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HOME > INTRODUCTION TO 16 AREAS OF ATTRACTION > Sakata, Tsuruoka, Dewasanzan

INTRODUCTION TO 16 AREAS OF ATTRACTION

Sakata, Tsuruoka, Dewasanzan

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The charm of harbor town Sakata

Picturesque Merchant Houses: Sakata

Japanese Heritage: Dewa Sanzan

Refined culture in Sakata City

Tourist information that covered in the articles

A replica of the Kitamaebune used in trade with Kyoto at Hiyoriyama Park

Enjoy the high life of Edo times at this historic port city

Mention geisha and ryotei (high-end Japanese restaurants) and Kyoto comes to mind. But Sakata, a small port city in Yamagata Prefecture, also boasts a strong tradition in these areas as it was once a flourishing trade town that had to entertain important businessmen coming to and from Kyoto. This trade was brought by the Kitamaebune, or ships that plied the major shipping routes of Japan in the Edo era. A replica of these ships can be spotted at Hiyoriyama Park, which is also a popular location for cherry blossom viewing. From the park, you can enjoy a mesmerizing sunset with Sakata's port in the back.

The safflower, a famous and prized product of Sakata City

Enjoy traditional fine dining in an authentic ambience.

During the Edo period (1603-1868), the main products that made salesmen from Kyoto come all the way to Sakata, were rice, whetstone (utilized to sharpen blades) and safflower, a flower used to produce traditional Japanese lipstick as well as dying cloths red, including kimono.

A significant number of ryotei, or classic Japanese restaurants were established during these days, at which tradesman from Kyoto were entertained in the hope to make good business deals.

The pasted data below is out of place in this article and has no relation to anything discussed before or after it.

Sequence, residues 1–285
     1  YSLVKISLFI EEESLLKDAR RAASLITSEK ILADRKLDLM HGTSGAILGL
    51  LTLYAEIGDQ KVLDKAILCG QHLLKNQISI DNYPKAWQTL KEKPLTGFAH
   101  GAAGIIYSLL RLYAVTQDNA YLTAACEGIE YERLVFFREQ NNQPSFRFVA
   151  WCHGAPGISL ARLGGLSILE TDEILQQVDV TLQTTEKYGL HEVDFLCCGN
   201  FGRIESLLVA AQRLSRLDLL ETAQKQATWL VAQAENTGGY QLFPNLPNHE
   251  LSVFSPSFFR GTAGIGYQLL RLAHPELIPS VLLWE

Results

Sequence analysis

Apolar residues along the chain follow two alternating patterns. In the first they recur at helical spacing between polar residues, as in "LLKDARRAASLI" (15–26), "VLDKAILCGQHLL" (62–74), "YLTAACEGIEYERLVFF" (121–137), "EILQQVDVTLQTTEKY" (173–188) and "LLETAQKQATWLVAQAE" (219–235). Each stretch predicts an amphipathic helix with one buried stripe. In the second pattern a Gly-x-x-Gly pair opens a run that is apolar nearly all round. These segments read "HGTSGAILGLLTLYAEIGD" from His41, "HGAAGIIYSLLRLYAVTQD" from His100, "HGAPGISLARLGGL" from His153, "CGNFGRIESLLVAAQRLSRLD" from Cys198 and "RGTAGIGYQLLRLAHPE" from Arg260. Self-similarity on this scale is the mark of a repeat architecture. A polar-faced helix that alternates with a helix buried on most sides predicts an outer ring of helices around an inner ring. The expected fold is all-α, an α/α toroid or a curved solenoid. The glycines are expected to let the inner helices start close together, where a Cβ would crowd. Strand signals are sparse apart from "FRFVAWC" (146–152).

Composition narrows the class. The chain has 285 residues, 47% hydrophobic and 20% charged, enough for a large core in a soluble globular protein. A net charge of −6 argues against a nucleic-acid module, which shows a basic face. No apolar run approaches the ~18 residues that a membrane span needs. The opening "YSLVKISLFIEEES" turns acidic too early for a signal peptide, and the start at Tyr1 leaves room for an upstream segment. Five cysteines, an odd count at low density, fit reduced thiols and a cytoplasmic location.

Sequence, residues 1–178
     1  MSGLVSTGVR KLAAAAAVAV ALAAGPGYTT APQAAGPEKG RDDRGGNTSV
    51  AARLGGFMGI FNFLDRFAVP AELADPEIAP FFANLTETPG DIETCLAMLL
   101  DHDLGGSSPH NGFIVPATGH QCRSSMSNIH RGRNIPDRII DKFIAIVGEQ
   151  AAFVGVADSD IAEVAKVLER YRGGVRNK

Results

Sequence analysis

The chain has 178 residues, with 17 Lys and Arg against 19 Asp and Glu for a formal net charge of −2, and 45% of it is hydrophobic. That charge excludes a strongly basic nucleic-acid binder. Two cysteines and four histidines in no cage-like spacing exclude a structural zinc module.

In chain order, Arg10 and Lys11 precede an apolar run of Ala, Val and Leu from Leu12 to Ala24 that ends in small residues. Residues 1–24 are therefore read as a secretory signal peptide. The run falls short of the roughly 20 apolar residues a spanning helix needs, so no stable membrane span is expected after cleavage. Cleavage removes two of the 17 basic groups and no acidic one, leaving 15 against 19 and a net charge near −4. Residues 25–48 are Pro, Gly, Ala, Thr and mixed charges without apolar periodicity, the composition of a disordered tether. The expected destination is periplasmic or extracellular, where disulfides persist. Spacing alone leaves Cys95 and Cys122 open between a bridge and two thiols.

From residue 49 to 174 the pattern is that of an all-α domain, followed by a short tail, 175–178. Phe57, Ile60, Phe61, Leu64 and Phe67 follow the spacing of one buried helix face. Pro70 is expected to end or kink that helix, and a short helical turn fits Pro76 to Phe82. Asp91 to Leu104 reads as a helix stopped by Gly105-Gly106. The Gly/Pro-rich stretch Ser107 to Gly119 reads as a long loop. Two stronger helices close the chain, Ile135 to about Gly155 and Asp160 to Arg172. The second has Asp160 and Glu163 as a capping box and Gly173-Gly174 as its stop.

Today, ryotei style restaurants are no longer frequently visited by the locals, which forced most ryotei in Sakata to close down over the last few decades. Still, most of their buildings remain to this day, making a scenic stroll around this historic town full of atmosphere.

The main entrance to Somaro.

Maiko dancing at Somaro

The most famous ryotei during Sakata’s glory years was without a doubt Somaya, which closed down in 1995 after more than two centuries. One year later, it changed its name to Somaro and reopened its doors as a tourist facility.

At Somaro, you cannot only get a tour through the building’s many traditional Japanese rooms and learn about ryotei culture, but also enjoy a dance performance by maiko (geisha apprentices), which is a common form of entertainment at ryotei.

A moutain priest blowing a conch horn

Traditional Japanese vegan food at Ideha shrine

Located nearby Sakata City, is Mt. Dewa. Here, three sacred shrines each stand on a different peak. With a history of more than 1,400 years, the mountain is known to be Japan's oldest site for Yamabushi (mountain priests) to worship.

Monks here have developed a unique kind of shojin ryori (traditional Japanese vegan food) that relies on wild mountain vegetables. Try it for yourself at the lodging of Ideha shrine at Mt. Haguro. (Reservation required)

Access:

4h from Tokyo via Niigata Staition (JR Joetsu Shinkansen Line) to Sakata Station by JR Uetsu Main Line.

Tourist information that covered in the articles

Hiyoriyama Park

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Somaro

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